We all have our morning routines, right? Mine usually begins with pretending to be asleep while Elliott, my lovable and domineering orange Tabby cat, patrols the parameters of my bed. I lay motionless while she does her rounds and then hops on the bed, heading straight for my face.
There are incredibly urgent things that happen in her feline world that I have no clue about, things that she must inform me of loudly and very persistently.
After temporarily placating her with rhetorical questions like, “Who’s dis?” and “Is this Elliott?”, I reach for my phone. In the darkness that lasts ever-longer during this season I scroll through my platforms and news headlines. I kinda hate that I look at my phone so much. I tell myself that I do this so that I can actually just start my workday when I go downstairs, no surprizes. Maybe that’s true and I’m finally shedding my luddite skin or maybe I’m just addicted like everyone else.
While scrolling through my newsfeed this morning I saw something that surprized me and I thought it was a technical glitch, so I refreshed the feed. There it was again, sandwiched between a story about the latest Canadian city to be declared a “red” Covid zone (Ottawa) and something about a blonde-haired Miley Cyrus. What am I talking about? My first Bumble article, “Love, Lust, and Digital Dating”, which was published fifteen months ago!
There is a synchronicity to the reappearance of this story because just last week I woke up to a barrage of lengthy comments on each Bumble story I’ve posted on my Blog. They were from a man who enjoys my blog and loves to post comments, as he said:
“It’s genuinely cool of you to be so vulnerable and to share this. I find your blog really fascinating despite my criticisms, and I enjoy posting comments.”
(Before anyone worries about the ethical implications of using a quote from him, he gave me permission to do so before I even asked.)
I appreciate his perspectives about Bumble and how men inhabit digital dating platforms. With respect to the tendency for many men to post curiously unflattering or zany profile pictures, he noted that men don’t know what I/we/women will find attractive = hence the funny, ‘being myself’ look. I get that. I’m not sure if this is still a trend on Bumble because I haven’t used it in over two years. He also expressed disdain for his fellow guys who take the incel-troll approach to anything feminist, which he aptly summed up by saying: “assholes gonna asshole.”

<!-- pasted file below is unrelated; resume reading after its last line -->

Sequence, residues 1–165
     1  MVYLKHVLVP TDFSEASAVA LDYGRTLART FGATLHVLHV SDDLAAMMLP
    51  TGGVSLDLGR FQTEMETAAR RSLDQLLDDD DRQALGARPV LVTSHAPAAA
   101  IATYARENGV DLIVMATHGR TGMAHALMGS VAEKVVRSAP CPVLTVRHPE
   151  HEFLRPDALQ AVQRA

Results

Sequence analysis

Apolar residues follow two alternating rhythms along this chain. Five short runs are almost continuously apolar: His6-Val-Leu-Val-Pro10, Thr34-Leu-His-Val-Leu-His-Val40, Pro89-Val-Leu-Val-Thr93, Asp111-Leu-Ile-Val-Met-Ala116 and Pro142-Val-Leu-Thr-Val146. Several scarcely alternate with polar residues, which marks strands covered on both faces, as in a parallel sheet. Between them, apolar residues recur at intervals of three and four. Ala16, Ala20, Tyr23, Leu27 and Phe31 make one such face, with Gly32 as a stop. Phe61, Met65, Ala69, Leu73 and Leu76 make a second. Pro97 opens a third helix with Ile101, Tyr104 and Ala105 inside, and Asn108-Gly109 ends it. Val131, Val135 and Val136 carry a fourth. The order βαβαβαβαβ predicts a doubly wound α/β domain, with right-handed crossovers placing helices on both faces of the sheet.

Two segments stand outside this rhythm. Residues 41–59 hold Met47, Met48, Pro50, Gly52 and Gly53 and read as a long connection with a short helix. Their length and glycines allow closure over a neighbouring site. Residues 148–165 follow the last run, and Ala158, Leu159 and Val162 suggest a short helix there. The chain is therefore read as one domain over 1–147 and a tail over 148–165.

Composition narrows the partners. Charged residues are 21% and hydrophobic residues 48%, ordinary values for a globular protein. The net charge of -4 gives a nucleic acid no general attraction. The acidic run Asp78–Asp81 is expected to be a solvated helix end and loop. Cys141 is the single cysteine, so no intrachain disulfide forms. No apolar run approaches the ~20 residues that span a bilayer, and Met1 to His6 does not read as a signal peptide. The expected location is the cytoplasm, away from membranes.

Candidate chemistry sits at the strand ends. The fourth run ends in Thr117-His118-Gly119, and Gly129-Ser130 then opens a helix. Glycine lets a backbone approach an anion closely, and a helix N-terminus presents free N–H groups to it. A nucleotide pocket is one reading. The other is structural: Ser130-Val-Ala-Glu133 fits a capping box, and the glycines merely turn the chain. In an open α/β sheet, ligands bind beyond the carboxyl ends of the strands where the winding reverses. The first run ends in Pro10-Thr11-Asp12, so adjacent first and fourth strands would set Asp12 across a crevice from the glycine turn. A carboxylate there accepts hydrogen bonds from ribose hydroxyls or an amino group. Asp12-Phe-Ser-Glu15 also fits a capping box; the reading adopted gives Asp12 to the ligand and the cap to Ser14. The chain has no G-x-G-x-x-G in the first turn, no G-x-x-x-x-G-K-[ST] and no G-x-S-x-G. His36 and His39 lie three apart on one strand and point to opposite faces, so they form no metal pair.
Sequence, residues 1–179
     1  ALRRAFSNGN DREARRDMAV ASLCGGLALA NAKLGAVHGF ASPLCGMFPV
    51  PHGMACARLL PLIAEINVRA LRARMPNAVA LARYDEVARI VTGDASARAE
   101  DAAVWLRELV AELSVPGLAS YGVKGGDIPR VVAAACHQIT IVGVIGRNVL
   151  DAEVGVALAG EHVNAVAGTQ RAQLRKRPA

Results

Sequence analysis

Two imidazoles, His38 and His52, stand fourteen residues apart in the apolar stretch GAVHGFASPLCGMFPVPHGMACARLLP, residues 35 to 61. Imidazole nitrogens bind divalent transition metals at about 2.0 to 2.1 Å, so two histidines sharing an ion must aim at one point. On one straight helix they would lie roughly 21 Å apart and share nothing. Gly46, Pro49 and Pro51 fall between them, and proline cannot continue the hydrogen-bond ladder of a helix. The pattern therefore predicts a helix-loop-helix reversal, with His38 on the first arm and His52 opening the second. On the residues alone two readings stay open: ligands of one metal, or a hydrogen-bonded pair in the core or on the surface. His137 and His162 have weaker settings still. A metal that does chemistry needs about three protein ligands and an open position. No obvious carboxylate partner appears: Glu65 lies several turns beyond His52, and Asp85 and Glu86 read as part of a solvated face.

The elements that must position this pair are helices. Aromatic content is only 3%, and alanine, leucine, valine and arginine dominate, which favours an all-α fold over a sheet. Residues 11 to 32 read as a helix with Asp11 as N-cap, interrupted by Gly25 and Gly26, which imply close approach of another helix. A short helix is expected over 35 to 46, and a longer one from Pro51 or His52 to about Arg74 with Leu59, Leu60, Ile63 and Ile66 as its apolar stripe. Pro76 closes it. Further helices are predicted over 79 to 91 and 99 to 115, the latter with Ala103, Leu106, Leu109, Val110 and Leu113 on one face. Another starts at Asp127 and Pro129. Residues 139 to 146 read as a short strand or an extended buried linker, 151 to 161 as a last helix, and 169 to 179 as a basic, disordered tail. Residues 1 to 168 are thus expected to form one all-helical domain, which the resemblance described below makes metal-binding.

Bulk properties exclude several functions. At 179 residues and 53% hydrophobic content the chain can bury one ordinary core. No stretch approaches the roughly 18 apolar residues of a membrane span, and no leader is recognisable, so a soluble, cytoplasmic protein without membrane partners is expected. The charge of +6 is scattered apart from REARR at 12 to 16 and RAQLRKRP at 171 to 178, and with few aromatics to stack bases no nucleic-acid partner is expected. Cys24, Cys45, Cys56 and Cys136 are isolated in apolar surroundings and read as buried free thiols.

As insightful as his input was, it wasn’t without mansplaining, which he apologized for and acknowledged: “ Sorry for the mansplainin’, just giving my 2 cents!”
But there’s one comment that still stumps me and it’s one that I saw repeatedly in the initial wave of angry male uproar about my article, which has to do with my assessment of my Bumble performance. I was very open with my disappointment about meeting only ten guys in five months. I’m a sexual woman who wants to meet and greet dudes and I wanted more, plain and simple.
Yet this is interpreted by most men, including my cool commentator, as evidence of my cluelessness about men’s dating experiences. I’m also often told that because my results surpassed those of men, I should be happy with my ten guys. BUT I’M NOT WRITING ABOUT MEN’S EXPERIENCES, I’M WRITING ABOUT MINE. Why on earth would I interpret my success through the male experience? I care how men date and their Bumble results, but that’s not the focus of the article. Yes, I mention men but they are not my golden standard or the measure by which my experiences need to be interpreted, compared, or validated. Am I right?
Bumble continues to shatter the glass ceiling in all sorts of ways, like the recent announcement that the company can now claim it has equal male-to-female representation across its C-suite, which is, sadly, still unusual for a company of its size. In case you’re unfamiliar with the term C-Suite, which I was until 10 minutes ago, it refers to the executive-level managers within a company, folks like the chief executive officer (CEO), chief financial officer (CFO), chief operating officer (COO), and chief information officer (CIO).
The bees remain busy and that includes the Queen, who feels sated with sweet inspiration to keep the dream alive of getting my Bumble memoir picked up by an agent/publisher. It’s one of the key activities I’ve outlined in my sabbatical application, which is set to begin next July. Bzzzz.